Hastings said he at least got to tell his team that the season was over in their own locker room on campus in Mankato, but it wasn’t an easy meeting, either.
“That group was special and is special because they came back with very selfless intentions,” Hastings said. “We had a lot of guys that had opportunities to go and play professionally and decided not to because they wanted to chase a championship together.”
The million-dollar question for everyone — fans, players, coaches, you name it — is what comes next?
Nobody knows how long American life will be in self-isolation. Most of that, of course, depends on what happens with the coronavirus in the next two weeks.
Hockey will resume, eventually, though, and then what?
The college hockey community is taking things one step at a time — it can be a common cliche in the hockey world but at least for now that’s the prudent thing to do.
The first step is determining when the players can come back to campus. The consensus seems to be that it won’t happen until the summer at the earliest, but nobody knows for sure. Most universities in the U.S. are moving to online courses for the rest of the school year, so helping players figure those out is a main priority.
“The reality is, our guys might not even come back to this semester, some of them,” Eigner said. “So the main thing we want to do is make sure we keep them informed as to what’s going on academically, since our school is going to online classes for the rest of the semester. We want everyone to make sure everybody has an academic plan and knows what the standard is, make sure they understand that everything they need from us we can help them with.”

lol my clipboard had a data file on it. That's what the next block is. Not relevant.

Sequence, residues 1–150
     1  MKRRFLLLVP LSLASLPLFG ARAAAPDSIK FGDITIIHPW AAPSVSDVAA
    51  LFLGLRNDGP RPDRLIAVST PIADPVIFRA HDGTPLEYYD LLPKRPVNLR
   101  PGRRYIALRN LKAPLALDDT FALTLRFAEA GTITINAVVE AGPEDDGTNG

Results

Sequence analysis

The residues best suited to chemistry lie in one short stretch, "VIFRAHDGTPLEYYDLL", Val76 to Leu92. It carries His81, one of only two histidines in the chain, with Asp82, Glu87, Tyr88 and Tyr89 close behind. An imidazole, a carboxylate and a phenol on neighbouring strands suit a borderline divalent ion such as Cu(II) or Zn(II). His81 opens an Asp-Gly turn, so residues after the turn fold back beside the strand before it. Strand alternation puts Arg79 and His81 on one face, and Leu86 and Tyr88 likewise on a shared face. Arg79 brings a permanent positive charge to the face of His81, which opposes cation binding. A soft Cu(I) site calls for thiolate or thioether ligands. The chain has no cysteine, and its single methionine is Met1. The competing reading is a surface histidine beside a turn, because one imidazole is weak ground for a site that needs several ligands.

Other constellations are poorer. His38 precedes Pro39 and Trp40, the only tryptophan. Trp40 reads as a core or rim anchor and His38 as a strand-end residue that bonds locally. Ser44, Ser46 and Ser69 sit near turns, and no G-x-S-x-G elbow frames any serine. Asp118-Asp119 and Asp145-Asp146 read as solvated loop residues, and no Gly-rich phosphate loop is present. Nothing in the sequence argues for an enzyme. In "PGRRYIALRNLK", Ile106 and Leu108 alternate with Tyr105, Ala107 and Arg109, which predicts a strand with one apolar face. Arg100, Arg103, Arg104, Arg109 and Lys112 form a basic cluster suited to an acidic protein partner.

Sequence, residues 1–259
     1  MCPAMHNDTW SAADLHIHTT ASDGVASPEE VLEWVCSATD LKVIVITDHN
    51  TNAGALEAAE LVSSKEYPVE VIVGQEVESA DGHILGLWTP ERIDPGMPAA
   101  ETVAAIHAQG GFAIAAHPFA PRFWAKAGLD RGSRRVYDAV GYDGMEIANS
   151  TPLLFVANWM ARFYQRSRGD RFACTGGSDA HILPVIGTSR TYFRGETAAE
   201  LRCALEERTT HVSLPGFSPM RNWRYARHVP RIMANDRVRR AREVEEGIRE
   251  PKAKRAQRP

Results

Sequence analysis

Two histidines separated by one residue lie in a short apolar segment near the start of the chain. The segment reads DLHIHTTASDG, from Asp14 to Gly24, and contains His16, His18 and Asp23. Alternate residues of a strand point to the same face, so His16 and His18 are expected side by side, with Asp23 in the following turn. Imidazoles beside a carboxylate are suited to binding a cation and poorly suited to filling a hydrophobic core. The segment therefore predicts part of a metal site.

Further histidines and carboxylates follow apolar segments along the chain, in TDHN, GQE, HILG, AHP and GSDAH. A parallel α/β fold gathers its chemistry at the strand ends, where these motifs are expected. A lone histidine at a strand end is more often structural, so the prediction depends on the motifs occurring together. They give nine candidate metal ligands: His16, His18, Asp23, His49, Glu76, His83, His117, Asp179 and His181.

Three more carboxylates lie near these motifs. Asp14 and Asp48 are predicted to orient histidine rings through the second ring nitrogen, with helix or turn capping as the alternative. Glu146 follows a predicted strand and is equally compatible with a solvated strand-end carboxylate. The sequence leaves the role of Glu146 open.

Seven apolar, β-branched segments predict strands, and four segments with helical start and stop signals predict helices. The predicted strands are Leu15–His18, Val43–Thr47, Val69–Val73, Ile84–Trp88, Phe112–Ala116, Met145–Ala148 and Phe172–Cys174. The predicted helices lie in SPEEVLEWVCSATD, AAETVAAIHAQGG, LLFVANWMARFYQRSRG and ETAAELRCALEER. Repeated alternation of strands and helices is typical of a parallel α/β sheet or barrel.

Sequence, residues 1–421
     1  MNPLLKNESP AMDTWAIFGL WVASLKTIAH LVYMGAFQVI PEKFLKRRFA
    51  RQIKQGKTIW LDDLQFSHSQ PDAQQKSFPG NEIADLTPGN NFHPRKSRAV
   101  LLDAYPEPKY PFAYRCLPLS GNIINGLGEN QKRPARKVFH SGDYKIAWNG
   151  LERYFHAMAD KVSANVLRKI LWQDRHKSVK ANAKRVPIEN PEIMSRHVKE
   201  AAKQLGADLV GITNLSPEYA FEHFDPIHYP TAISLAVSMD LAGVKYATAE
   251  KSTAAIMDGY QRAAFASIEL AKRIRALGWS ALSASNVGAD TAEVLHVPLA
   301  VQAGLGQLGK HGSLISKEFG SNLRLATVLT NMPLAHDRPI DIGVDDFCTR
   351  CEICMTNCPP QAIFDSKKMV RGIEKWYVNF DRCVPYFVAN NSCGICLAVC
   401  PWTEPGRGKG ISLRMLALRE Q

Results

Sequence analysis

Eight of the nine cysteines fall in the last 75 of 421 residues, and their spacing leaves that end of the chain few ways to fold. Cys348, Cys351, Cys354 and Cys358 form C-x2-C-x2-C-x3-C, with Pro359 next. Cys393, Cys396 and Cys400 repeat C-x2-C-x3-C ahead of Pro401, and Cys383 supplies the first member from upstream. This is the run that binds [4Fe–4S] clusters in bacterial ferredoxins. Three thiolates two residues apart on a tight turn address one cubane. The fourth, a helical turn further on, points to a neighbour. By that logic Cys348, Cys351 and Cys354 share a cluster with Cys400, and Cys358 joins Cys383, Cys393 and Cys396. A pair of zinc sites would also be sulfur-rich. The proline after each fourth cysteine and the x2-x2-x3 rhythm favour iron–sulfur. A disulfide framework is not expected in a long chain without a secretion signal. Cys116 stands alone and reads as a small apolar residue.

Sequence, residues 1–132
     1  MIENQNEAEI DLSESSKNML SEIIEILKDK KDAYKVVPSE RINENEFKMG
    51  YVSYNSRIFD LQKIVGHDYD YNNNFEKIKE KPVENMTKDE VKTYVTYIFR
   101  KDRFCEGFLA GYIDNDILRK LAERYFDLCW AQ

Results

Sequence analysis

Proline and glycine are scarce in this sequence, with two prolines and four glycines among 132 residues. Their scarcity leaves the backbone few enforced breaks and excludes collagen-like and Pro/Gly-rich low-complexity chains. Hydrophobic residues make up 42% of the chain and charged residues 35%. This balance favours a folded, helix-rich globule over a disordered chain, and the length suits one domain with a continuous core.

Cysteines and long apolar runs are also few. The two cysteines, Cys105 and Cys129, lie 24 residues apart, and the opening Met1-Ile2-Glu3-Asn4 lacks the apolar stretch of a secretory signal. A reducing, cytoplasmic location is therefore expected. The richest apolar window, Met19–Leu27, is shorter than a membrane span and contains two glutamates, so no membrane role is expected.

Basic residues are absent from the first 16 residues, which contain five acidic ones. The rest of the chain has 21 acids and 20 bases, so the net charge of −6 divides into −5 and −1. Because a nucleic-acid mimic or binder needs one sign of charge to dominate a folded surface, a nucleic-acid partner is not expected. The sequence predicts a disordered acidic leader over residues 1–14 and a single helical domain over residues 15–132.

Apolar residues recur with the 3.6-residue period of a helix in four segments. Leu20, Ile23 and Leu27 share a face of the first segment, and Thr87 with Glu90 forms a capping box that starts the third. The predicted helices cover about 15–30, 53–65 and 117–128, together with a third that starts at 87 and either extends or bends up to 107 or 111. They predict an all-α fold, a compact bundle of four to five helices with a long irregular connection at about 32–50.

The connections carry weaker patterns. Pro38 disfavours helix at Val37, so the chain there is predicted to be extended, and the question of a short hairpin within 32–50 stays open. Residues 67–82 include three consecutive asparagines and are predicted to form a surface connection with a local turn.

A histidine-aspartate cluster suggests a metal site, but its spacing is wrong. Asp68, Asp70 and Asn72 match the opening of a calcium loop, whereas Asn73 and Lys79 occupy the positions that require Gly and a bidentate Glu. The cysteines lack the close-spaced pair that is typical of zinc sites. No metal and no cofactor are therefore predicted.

As for on-ice training? It’s up in the air. And discussions of an extra year of eligibility for seniors in winter sports that have had their season ended prematurely have taken place, but those are also not resolved yet.
“It’s hard because as a coach, you’re a planner, but you’re also supposed to provide answers for your athletes, and it’s hard to tell them that you don’t know,” Hastings said. “When you’re talking about planning for down the road, I think right now we just have to figure out what’s going to happen next week. It’s been moving so quickly.”
So how do coaches cope with not having the chance to do anything final with their teams in this strange time?
“The main thing is be thankful for what we have,” Hastings said. “I thought this team had a great season, and everything that was in their control, they were able to accomplish. We always tell our guys, deal with what you can control, and don’t worry about everything else. And to me, this team controlled everything they could in a very good manner: The academic, the social and the performance on-ice, the athletic. That makes them special.”
Eigner said he had one last message for his players.
“We’re really proud of how we finished the year, we were playing really good hockey,” he said. “Our attitude and how our team was feeling about itself was great, so I’m really proud of you guys for that. We had the longest unbeaten streak, we’re really proud we won 20 games in a row for the seventh-straight year, and we’re glad we won a playoff series for the 10th year in a row.”
“We’re also really disappointed, and that’s OK. We’re disappointed this group didn’t get to play last weekend, we’re disappointed for the seniors that weren’t able to leave it on the ice for their teammates, but we don’t have the right to be any more disappointed than anyone else. If this is the most difficult situation you have to deal with in your adult life, you’re really lucky.”